pantaloon

[ pan-tl-oon ]
/ ˌpæn tlˈun /

noun

pantaloons, a man's close-fitting garment for the hips and legs, worn especially in the 19th century, but varying in form from period to period; trousers.
(usually initial capital letter) Also Pan·ta·lo·ne [pan-tl-oh-ney, pahn-; Italian pahn-tah-law-ne] /ˌpæn tlˈoʊ neɪ, ˌpɑn-; Italian ˌpɑn tɑˈlɔ nɛ/. (in commedia dell'arte) a foolish old Venetian merchant, usually the head of a household, generally lascivious and frequently deceived in the course of lovers' intrigues.
(in the modern pantomime) a foolish, vicious old man, the butt and accomplice of the clown.

Nearby words

  1. pant-,
  2. pantagraph,
  3. pantagruel,
  4. pantalets,
  5. pantalgia,
  6. pantaloons,
  7. pantechnicon,
  8. pantelleria,
  9. panth,
  10. panthalassa

Origin of pantaloon

1580–90; < Middle French Pantalon < Upper Italian (Venetian) Pantalone nickname for a Venetian, variant of Pantaleone, name of a 4th-century saint once a favorite of the Venetians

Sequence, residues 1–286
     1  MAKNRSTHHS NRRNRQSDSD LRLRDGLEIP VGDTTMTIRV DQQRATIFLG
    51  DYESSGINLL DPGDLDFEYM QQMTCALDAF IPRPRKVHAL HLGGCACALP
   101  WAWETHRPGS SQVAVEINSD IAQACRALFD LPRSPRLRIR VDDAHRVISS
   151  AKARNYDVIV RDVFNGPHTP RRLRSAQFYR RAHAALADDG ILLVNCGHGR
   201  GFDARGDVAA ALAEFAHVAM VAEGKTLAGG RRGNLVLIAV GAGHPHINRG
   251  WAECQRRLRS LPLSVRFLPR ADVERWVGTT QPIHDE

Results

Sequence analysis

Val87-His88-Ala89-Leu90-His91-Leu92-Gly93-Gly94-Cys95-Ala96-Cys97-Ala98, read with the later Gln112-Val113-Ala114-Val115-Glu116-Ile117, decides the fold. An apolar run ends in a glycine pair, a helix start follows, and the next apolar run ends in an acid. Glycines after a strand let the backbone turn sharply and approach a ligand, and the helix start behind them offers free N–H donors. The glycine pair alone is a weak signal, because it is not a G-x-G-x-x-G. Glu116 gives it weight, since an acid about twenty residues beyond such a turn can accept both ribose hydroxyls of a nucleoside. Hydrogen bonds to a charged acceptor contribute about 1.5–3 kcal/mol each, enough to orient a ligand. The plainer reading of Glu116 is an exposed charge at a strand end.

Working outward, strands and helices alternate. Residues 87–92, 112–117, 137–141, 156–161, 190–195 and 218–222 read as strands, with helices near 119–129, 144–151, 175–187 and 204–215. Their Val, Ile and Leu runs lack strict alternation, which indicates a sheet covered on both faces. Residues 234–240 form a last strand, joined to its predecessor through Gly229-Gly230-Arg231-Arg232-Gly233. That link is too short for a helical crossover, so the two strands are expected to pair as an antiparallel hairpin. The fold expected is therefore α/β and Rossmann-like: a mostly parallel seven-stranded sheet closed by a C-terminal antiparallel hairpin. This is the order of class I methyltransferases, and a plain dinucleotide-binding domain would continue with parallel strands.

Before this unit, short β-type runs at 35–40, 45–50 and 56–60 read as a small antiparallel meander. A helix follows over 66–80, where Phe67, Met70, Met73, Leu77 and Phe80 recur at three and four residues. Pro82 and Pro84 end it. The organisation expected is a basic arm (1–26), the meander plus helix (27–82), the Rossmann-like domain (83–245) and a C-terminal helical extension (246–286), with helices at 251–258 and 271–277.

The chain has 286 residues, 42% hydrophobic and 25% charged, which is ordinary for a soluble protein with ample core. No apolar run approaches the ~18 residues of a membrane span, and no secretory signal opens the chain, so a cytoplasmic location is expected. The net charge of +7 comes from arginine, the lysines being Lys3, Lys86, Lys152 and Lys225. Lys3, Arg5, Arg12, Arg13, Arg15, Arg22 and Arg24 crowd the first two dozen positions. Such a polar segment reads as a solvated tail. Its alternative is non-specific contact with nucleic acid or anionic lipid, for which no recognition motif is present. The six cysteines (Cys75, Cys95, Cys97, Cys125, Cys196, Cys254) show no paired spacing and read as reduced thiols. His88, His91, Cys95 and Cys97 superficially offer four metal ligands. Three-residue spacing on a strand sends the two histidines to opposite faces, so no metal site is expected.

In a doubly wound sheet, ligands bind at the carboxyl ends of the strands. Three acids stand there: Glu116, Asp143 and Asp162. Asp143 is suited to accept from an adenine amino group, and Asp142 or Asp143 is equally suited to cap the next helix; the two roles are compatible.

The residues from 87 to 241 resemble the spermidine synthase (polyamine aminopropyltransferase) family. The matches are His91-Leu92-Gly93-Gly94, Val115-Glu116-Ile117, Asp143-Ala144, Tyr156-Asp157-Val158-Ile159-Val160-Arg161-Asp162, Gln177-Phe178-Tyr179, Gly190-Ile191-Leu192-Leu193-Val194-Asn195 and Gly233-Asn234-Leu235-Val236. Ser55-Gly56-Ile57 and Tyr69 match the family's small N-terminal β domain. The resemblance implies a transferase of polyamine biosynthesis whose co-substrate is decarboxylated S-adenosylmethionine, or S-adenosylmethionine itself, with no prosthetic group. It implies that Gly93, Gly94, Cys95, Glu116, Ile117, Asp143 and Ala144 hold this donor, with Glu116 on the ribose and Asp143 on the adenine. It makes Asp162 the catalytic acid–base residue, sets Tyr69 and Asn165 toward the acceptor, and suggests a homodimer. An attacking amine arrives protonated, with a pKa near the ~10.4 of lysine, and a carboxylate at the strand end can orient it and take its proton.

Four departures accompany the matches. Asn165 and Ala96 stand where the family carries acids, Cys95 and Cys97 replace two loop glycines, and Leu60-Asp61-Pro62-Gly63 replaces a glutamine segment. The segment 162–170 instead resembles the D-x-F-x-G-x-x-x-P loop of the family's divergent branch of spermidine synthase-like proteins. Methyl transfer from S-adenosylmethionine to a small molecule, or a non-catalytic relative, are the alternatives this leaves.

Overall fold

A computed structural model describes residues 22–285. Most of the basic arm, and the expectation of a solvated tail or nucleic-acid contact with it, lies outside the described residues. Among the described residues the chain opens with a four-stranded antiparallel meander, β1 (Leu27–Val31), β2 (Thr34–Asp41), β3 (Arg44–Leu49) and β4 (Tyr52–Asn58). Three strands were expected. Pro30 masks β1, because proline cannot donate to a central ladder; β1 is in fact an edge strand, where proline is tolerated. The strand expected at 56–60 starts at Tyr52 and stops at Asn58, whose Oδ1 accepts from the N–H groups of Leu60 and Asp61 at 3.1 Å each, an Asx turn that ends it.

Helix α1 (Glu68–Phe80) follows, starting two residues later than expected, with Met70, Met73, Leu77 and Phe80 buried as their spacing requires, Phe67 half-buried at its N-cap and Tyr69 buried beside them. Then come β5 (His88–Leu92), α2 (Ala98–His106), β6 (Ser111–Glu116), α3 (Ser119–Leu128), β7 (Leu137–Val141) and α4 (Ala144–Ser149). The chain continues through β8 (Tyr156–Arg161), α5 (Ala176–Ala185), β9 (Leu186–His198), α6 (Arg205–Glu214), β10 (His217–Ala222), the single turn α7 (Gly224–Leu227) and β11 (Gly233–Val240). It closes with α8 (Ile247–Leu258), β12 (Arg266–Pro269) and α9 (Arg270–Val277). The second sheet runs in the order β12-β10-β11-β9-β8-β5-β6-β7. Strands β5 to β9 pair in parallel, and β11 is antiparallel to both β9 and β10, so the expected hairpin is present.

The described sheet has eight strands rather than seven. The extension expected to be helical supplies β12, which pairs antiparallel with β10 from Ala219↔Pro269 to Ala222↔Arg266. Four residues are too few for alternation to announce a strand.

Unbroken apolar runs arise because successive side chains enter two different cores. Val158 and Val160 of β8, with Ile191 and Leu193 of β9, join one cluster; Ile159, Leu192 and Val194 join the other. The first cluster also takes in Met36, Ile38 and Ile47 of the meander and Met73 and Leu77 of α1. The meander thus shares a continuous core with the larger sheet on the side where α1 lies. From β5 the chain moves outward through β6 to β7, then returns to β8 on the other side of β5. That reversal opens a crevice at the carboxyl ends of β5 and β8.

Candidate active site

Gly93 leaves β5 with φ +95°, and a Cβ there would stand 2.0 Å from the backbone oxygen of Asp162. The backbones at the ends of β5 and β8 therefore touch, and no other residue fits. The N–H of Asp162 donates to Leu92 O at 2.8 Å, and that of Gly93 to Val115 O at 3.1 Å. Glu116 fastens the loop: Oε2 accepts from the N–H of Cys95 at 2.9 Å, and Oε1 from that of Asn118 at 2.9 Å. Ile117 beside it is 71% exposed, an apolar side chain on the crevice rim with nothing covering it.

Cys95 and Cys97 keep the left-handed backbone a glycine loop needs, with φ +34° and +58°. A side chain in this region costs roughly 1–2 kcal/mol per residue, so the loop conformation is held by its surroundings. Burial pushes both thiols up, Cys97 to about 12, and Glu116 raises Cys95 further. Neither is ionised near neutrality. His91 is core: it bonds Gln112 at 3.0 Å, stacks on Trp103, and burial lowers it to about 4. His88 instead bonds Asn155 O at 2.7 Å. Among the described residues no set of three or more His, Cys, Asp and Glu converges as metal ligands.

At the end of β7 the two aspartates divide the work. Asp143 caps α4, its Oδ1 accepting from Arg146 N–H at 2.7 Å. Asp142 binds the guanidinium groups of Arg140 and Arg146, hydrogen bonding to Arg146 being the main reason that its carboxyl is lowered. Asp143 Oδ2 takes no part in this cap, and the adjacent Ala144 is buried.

Dictionary.com Unabridged Based on the Random House Unabridged Dictionary, © Random House, Inc. 2019

Examples from the Web for pantaloon


British Dictionary definitions for pantaloon

pantaloon

/ (ˌpæntəˈluːn) /

noun theatre

(in pantomime) an absurd old man, the butt of the clown's tricks
(usually capital) (in commedia dell'arte) a lecherous old merchant dressed in pantaloons

Word Origin for pantaloon

C16: from French Pantalon, from Italian Pantalone, local nickname for a Venetian, probably from San Pantaleone, a fourth-century Venetian saint

Collins English Dictionary - Complete & Unabridged 2012 Digital Edition © William Collins Sons & Co. Ltd. 1979, 1986 © HarperCollins Publishers 1998, 2000, 2003, 2005, 2006, 2007, 2009, 2012

Word Origin and History for pantaloon

Pantaloon

n.

skinny, foolish old man in Italian comedy, 1580s; see pantaloons. As a kind of leggings, 1660s.

Online Etymology Dictionary, © 2010 Douglas Harper